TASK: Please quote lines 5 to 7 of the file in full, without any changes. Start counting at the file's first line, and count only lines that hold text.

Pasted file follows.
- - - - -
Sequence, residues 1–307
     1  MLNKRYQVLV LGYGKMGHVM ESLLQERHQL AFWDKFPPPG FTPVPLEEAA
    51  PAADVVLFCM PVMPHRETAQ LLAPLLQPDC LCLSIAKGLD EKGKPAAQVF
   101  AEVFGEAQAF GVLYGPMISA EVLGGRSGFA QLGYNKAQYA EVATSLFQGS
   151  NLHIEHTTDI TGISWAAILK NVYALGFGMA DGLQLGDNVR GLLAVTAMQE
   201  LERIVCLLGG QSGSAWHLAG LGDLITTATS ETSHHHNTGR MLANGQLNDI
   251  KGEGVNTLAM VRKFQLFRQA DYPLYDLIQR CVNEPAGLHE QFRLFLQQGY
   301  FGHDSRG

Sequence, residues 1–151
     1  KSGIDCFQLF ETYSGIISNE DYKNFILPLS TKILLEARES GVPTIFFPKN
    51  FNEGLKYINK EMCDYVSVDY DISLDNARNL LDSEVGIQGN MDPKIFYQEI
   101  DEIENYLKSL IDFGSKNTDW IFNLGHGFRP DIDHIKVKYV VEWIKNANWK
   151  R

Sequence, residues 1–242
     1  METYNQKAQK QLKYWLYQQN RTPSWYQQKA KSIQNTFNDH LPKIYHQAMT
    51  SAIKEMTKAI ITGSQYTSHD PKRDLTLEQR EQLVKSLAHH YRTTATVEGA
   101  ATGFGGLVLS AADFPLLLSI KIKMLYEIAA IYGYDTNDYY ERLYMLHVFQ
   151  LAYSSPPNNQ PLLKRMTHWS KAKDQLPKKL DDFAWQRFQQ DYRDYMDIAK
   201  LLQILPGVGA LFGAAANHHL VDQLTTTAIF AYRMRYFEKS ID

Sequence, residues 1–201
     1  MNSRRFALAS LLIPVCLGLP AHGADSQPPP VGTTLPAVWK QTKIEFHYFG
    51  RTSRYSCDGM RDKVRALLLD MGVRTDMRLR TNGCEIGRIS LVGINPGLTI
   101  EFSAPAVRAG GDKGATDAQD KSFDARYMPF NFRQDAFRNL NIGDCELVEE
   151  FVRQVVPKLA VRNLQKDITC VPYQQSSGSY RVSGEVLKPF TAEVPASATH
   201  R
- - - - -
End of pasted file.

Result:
   151  NLHIEHTTDI TGISWAAILK NVYALGFGMA DGLQLGDNVR GLLAVTAMQE
   201  LERIVCLLGG QSGSAWHLAG LGDLITTATS ETSHHHNTGR MLANGQLNDI
   251  KGEGVNTLAM VRKFQLFRQA DYPLYDLIQR CVNEPAGLHE QFRLFLQQGY